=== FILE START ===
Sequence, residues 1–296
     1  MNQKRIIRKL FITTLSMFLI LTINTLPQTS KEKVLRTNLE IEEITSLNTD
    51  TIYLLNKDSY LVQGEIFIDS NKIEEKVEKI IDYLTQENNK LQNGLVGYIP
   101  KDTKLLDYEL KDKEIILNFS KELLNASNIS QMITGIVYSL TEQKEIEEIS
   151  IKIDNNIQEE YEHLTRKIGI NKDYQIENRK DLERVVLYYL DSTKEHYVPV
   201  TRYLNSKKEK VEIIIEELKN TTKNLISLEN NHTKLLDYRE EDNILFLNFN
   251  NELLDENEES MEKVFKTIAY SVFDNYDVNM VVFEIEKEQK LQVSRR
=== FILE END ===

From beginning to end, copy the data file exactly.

Sequence, residues 1–296
     1  MNQKRIIRKL FITTLSMFLI LTINTLPQTS KEKVLRTNLE IEEITSLNTD
    51  TIYLLNKDSY LVQGEIFIDS NKIEEKVEKI IDYLTQENNK LQNGLVGYIP
   101  KDTKLLDYEL KDKEIILNFS KELLNASNIS QMITGIVYSL TEQKEIEEIS
   151  IKIDNNIQEE YEHLTRKIGI NKDYQIENRK DLERVVLYYL DSTKEHYVPV
   201  TRYLNSKKEK VEIIIEELKN TTKNLISLEN NHTKLLDYRE EDNILFLNFN
   251  NELLDENEES MEKVFKTIAY SVFDNYDVNM VVFEIEKEQK LQVSRR